We don’t know if it’s at all ironic that we might review this book on a blog or not, but we’re not going to let that stop us. Greg Kot is a real journalist and a real music critic, and there is something to be said for that. He writes for the Chicago Tribune and hosts Sound Opinions, a weekly rock ‘n roll talk show available by podcast and on many NPR stations (but unfortunately not our own WABE).
His latest book, Ripped: How the Wired Generation Revolutionized Music
(Scribner 2009), is a detailed, authoritative, well-presented chronicle of the forces that have shaped the music industry over the past decade. Clearly complied in part from his previous coverage of many of the stories that have shaped that period, Ripped covers the origins of downloading, the impact of sampling, and the influence of blogs (not us in particular, but in general). Kot deftly weaves his prior work together with new perspectives to address the transition from tangible music to digital sound though distribution, litigation, promotion and ultimately creation.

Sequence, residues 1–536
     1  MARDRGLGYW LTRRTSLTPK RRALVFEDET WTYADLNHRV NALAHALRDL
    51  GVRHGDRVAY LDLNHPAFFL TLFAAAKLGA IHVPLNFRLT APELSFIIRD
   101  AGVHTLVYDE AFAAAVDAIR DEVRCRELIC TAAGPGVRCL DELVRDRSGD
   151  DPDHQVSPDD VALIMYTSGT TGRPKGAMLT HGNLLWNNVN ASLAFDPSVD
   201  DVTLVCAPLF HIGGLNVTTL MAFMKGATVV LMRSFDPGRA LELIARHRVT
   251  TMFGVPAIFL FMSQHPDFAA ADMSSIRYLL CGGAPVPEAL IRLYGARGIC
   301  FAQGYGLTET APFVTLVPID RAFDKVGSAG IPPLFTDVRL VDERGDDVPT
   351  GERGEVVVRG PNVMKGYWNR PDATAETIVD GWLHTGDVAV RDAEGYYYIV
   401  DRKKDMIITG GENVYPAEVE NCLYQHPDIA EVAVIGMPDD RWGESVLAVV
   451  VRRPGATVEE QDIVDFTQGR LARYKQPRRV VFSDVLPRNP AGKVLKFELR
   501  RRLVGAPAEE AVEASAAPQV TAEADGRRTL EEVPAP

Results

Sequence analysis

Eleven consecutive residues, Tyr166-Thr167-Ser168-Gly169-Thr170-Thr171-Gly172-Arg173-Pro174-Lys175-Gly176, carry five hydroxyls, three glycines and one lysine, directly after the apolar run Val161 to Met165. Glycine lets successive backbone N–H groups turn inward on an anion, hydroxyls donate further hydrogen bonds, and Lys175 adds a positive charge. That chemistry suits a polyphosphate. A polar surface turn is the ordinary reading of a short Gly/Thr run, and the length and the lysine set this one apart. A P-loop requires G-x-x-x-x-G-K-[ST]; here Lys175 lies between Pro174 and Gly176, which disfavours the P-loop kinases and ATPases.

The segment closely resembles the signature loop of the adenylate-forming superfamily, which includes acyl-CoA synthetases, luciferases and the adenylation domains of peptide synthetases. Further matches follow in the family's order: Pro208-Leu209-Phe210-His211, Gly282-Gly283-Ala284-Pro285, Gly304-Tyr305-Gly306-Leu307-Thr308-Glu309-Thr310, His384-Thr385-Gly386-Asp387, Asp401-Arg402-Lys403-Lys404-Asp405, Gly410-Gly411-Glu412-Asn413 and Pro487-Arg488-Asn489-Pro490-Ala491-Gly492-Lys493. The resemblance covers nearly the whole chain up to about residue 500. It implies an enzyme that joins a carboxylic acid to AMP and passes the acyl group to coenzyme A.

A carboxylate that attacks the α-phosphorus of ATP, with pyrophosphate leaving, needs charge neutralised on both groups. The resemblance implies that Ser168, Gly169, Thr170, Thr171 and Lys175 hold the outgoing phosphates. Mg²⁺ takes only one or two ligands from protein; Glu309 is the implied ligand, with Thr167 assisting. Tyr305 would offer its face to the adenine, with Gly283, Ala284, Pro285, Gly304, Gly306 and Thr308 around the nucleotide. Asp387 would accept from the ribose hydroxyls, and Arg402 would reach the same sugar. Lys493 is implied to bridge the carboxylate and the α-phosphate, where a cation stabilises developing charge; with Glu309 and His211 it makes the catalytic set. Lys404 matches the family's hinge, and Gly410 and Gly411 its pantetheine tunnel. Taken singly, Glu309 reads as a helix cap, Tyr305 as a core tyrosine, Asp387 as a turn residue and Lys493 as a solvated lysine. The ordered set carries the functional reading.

Kot is at his best when he details the varied reactions to this paradigm shift by different artists. Metallica fought the shift with over-priced attorneys and unabashed arrogance. Greg Gillis, as Girl Talk, co-opted the sampling controversy so fully that he made himself unassailable to challenge. Conor Oberst just kept making records and playing in front of people until he simply couldn’t be ignored.
Ripped explains how technology transformed the music business from an industry focused on the sale of tangible property to one completely lost and often clueless in its search for a modern profit principle. More interesting though, is the underlying argument about the transformation of the artists who understand the modern model better than the industry. Obviously Radiohead and Nine Inch Nails have redefined what it means to be an independent artist, but Kot suggests that savvy lesser known acts can now take control of their careers through digital publishing, smart touring, and and little buzz from the blogosphere.
This is the best and most thought-provoking book about music that we have read in some time. If you have any interest in this topic, you should pick up this book. However, as the subtitle suggests, a music revolution is afoot and as far as we’re concerned it isn’t ever yet. If you want an idea of where it might end up then you need to bump this book up to required reading and get it now.